I hear what you're saying, Rich. But what are you suggesting? Sit on the sidelines?

The more the Evangelicals mix politics with Christ the more they become like the world. God's kingdom isn't of this earth and neither are his politics. Evangelicals have become political before Biblical. They're gaining power from earthy kings and through the humility of Christ. Really don’t cares if they expose themselves. Want them to expose themselves as power grabbing, fame seeking, and mammon worshippers. The constitution before the Bible. Washington DC before the kingdom of God. Disgusting and hope they get thrown out of the temple. The more they shout from capital hill, they become irreverent as followers of Christ. The mighty do fall, and hopefully it will be on their knees.

The answer is not to sit on the sidelines; rather to keep our politics subject to the Kingdom of God which is "not of this world"(Jesus). Unfortunately, all too often, what the world sees of the right-wing is a lack of humility, compassion and grace that must surely grieve the Holy Spirit.

What would be some examples of the "lack of humility, compassion and grace that grieve the Holy Spirit?" Just curious.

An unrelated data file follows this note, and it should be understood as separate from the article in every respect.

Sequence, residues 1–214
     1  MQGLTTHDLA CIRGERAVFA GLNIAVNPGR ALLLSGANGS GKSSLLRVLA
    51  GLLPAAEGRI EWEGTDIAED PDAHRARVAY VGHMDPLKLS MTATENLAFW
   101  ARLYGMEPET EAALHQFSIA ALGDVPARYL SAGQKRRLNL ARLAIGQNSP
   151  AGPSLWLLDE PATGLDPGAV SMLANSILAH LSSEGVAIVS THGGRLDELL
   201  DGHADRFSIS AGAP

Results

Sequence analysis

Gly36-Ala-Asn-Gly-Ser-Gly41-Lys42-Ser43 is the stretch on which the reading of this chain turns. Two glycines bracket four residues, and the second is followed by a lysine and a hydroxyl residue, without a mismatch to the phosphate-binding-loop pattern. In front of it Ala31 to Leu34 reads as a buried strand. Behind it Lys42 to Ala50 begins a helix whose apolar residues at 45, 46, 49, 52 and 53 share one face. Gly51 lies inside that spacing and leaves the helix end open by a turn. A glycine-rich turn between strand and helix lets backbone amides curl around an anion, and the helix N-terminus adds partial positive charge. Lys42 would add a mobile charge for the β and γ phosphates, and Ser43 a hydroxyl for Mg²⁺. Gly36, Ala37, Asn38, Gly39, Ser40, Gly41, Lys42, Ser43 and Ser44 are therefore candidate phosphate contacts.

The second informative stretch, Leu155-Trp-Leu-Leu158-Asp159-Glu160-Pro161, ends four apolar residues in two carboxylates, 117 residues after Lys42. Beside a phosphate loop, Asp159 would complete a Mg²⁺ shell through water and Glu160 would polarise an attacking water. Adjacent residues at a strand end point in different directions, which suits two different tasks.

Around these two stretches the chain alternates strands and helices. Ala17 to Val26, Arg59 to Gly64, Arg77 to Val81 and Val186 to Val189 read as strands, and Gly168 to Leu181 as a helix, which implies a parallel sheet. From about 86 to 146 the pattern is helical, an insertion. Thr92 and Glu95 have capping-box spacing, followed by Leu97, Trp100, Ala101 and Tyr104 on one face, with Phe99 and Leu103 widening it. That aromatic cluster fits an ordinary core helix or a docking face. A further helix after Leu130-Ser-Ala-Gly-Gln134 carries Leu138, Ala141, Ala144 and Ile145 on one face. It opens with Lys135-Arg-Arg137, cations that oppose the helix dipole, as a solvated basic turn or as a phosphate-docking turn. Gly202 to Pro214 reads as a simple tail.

I agree wholeheartedly, Sandy.

"...the Bible speaks more about helping the poor than anything else..." WHOSE RESPONSIBILITY IS IT?

In light of the What Would Jesus Cut campaign, shouldn't the headline to this blog read "Conservative Republican evangelicals agree with Tea Party"?

And what about the many areas where an evangelical group like NAE would totally not overlap? Like environmental issues, foreign aid?

Having said that, it does seem the sad fact that most evangelicals have bought the Tea Party rhetoric hook, line and sinker.

Hmm... Jesus showed much concern for the poor, and said that it is easier for a camel to go through the eye of a needle than it is for the rich to get into heaven... He also said that you can't serve God and Mammon at the same time... I wonder what the Tea Party, which is so keen on cutting everything that helps the poor in any way and are against affordable health care for the lower and middle class, but favors tax cuts for the insanely rich, would say about that?

That so many "evangelicals" could be part of such a movement says a lot about what American evangelicalism has become, and that's not a positive development at all.